How to stay warm in a cool house: 20 tips

holloway overhung with ancient trees n Cornwall

thermometerI like to keep the thermostat turned as low as I can stand it (15.5C/60F when I’m up, 10C/50F when I’m in bed), both to save money and to minimize my carbon footprint. Sure, I can fire up the wood stove, but in this small house, that often makes the house uncomfortably hot — and then there’s the hassle of cutting, splitting and hauling wood. The best solution, of course, is to live in a passive solar house like our neighbors do, where even on an overcast winter day, their heat-exchange unit rarely kicks on. And if you own your home, you should definitely make sure it’s well-insulated to cut down on the drafts. My house, being old and hard to insulate, is uncommonly drafty, which is mainly what qualifies me to offer the following suggestions on how to survive the winter.

  1. Work up to it. If you’re used to a 70-degree house, turn the thermostat down in increments — say, one degree a day — while implementing some of the other suggestions in this list, until you’ve toughened up.
  2. Adjust your circadian rhythms. If your work schedule permits and you’re not at too far north a latitude, try to rise with the sun. Why not spend the coldest hours snug in bed?
  3. Dress in layers. I really can’t stress this one enough. Usually, I find that people who complain about the cold are simply unwilling to dress for it: sweaters, hoodies, quilted shirts, turtlenecks… there are lots of sartorial options. But yes, high fashion may have to be sacrificed. You might find yourself wearing some truly heinous footwear.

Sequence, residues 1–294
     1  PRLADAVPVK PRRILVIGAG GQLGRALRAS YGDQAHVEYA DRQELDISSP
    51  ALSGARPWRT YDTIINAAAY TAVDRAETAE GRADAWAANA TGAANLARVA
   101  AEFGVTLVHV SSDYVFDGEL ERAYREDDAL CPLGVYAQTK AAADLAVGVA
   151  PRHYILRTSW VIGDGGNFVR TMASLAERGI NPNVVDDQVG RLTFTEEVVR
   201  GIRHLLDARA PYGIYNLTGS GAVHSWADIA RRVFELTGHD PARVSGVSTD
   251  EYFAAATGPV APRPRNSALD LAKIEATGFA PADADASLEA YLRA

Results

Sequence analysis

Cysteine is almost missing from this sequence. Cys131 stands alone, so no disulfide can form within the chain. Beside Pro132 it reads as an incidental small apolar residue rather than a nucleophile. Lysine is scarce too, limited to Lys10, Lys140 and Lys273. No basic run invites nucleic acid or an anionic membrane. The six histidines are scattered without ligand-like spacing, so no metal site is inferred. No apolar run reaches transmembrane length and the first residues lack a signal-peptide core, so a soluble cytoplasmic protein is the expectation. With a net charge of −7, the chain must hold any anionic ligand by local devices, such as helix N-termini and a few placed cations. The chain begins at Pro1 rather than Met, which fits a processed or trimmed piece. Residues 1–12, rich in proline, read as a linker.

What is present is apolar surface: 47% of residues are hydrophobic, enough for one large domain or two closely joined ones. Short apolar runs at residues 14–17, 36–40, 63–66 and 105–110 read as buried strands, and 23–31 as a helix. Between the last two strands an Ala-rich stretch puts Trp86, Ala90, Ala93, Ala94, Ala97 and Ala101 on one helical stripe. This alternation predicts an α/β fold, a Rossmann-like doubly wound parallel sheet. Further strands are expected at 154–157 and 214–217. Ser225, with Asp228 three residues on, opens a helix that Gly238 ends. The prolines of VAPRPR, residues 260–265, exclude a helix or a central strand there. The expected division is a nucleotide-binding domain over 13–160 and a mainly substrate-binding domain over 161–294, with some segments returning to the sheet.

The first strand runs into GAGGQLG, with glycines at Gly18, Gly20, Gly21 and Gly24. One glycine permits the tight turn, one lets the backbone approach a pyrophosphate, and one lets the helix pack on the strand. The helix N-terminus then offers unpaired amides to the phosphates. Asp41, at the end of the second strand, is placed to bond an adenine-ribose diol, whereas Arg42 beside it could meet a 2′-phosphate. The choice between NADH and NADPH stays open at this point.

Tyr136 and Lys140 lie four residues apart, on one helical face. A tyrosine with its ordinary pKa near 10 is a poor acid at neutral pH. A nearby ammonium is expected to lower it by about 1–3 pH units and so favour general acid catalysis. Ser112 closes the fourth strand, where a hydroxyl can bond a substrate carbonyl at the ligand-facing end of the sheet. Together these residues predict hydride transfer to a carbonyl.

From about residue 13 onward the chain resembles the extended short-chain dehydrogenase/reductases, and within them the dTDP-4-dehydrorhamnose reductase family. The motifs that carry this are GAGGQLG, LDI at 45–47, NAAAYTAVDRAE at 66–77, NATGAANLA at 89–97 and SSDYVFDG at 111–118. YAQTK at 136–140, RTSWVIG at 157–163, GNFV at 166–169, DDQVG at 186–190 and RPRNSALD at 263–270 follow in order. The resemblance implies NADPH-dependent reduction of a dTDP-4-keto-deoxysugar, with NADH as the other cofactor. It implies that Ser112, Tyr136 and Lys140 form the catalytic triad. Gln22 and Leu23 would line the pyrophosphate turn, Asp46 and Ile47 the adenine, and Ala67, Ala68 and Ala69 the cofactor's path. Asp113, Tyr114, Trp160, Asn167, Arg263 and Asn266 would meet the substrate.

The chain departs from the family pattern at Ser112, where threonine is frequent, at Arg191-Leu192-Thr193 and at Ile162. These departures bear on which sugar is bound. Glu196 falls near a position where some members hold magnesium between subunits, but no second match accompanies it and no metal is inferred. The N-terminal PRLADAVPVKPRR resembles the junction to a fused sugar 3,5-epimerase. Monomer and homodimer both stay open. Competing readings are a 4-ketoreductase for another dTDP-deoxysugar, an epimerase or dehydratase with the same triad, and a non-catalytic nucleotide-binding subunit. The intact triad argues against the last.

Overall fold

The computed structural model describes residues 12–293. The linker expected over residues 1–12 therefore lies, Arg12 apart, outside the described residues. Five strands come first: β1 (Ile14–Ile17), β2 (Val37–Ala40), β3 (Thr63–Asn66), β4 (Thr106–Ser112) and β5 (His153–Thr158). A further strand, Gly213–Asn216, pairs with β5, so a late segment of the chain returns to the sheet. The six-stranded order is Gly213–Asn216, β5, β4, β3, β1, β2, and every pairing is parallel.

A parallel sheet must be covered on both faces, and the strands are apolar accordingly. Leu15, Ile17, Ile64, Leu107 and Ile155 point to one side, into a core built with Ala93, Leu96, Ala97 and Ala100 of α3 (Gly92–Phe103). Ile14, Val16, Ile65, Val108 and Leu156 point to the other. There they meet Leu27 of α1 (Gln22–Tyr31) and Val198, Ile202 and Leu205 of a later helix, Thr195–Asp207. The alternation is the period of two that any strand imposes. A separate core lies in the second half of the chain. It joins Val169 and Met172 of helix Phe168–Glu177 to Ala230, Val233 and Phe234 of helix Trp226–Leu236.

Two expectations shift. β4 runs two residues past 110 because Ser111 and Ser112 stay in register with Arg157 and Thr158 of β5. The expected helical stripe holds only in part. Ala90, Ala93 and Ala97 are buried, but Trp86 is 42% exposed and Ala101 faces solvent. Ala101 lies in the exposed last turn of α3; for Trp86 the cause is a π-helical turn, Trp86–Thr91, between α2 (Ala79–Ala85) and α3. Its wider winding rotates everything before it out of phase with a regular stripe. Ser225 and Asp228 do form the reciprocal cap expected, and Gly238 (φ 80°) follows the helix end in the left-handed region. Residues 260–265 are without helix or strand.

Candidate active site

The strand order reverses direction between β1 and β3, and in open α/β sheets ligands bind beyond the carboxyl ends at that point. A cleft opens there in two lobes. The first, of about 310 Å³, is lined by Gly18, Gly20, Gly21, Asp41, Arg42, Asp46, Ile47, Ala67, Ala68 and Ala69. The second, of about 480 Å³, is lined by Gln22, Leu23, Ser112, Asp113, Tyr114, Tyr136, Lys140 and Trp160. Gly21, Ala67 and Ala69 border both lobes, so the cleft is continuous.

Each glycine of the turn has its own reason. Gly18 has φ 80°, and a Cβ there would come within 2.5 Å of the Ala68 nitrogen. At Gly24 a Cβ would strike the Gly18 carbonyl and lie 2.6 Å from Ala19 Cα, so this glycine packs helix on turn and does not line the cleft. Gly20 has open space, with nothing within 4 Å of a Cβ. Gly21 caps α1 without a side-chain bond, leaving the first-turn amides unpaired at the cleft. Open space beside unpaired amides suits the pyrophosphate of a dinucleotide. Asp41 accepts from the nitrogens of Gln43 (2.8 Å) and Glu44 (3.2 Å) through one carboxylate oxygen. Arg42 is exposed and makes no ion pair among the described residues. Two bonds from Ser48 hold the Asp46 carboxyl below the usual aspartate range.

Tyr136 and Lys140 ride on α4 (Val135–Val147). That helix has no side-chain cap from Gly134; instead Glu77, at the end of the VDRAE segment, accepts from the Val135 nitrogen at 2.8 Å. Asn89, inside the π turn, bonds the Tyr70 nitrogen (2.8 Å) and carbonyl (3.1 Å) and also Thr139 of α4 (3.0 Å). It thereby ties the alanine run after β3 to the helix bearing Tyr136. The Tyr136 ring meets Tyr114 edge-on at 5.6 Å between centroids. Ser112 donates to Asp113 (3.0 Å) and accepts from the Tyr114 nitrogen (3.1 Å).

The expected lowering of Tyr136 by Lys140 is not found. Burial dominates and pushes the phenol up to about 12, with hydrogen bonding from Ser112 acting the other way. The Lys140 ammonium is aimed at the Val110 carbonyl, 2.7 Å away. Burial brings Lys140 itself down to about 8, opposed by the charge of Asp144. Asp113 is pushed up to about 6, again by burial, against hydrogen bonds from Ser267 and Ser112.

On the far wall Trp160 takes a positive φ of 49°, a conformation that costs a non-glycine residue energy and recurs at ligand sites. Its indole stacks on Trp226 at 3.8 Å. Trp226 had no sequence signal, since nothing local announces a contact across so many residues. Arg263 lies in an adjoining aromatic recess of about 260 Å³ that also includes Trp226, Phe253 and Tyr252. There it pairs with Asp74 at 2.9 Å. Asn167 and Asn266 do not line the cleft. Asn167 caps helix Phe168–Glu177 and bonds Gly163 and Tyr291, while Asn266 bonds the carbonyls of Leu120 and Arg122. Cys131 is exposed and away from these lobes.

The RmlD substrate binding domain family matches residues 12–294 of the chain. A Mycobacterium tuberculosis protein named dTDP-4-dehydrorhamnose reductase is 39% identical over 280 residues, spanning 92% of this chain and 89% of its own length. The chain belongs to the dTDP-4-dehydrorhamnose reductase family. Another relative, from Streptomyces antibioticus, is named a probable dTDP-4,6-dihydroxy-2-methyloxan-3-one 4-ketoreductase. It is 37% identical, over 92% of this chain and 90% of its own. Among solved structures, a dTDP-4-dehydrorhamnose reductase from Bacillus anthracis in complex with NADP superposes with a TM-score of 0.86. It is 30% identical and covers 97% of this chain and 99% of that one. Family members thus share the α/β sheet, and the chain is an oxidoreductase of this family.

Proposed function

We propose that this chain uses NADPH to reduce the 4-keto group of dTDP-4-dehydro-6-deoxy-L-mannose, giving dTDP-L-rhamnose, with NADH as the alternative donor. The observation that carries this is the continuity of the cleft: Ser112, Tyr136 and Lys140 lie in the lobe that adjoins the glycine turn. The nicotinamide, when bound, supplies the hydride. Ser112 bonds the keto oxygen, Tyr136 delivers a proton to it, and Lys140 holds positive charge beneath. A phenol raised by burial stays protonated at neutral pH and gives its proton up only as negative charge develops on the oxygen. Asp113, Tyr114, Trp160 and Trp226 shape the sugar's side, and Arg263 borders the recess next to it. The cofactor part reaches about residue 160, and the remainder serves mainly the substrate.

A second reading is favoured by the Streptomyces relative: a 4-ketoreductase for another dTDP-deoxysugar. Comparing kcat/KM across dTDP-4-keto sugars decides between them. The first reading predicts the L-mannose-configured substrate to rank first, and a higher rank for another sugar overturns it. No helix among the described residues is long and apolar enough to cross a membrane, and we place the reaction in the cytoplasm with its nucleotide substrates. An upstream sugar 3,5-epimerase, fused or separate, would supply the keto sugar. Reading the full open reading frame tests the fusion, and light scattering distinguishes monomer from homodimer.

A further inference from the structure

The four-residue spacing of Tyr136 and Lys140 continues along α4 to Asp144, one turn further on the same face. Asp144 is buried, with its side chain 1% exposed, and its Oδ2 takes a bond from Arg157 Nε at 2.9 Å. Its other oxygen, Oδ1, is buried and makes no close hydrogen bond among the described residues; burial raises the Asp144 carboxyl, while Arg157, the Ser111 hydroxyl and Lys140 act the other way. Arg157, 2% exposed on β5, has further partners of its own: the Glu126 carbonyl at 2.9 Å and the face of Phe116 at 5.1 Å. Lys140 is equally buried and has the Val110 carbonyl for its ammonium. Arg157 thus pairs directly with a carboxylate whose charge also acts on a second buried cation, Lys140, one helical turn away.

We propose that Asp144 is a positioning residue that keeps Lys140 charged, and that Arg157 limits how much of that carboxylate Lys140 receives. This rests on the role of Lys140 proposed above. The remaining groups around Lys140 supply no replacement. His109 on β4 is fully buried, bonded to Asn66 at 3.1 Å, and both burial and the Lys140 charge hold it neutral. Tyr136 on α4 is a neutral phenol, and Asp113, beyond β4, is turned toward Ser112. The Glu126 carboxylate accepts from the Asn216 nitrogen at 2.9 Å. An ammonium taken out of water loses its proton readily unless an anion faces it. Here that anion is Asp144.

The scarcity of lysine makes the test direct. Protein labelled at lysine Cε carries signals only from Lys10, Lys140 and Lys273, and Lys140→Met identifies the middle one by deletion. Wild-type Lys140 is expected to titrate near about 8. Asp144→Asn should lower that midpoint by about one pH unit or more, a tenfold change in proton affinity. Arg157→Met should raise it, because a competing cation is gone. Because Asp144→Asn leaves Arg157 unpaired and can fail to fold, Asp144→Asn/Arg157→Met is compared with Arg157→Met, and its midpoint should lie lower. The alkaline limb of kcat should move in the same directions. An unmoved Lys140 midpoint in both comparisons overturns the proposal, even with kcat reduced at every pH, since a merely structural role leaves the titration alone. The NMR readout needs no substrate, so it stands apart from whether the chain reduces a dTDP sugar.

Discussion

4. Wear long johns and/or lined pants. Yes, it’s important to keep the torso warm, but don’t neglect the legs. Thermal underwear bottoms are a must as far as I’m concerned. You might have to go to a sporting goods store and look in the ski supply section to find the super-warm ones. The ordinary, thin kind can be combined with lined pants. I don’t wear the latter, but I gather that the retailer Eddie Bauer is a good place to get lined jeans, while lined chinos can be ordered from Dickies online.
  5. Wear a wool cap. If you’re perfectly warm without a hat, I’d say your thermostat is too high.
  6. Grow your hair out for the winter. Yeah, I know, the shaved-head look is cool — I’ve done it myself — but why be cold? Let it grow. Stop shaving beards and legs. Get in touch with your Paleolithic roots.
  7. Try fingerless gloves, which keep the hands warm while still enabling you to type, text, read, pick your nose, or handle a remote.
  8. If you find gloves too cumbersome, you can generate quite a lot of heat in the hands by rapidly rubbing your palms together, then cupping the hands and blowing into them. Remember, even if you’re not a writer as I am, you are still full of hot air — a valuable resource!
  9. Use an afghan. I’ve been doing this a lot lately, draping the folded afghan over my legs even while I sit at the desk. Obviously, if you have someone to cuddle with, afghans are a big plus. (More on cuddling below.)
  10. Use a laptop rather than a desktop computer, and hold it on your lap. This isn’t an option for me, but I do sometimes find myself wondering how I might take advantage of all that wasted heat going out the back of the computer on my floor. I just don’t think I can hold it safely in my lap.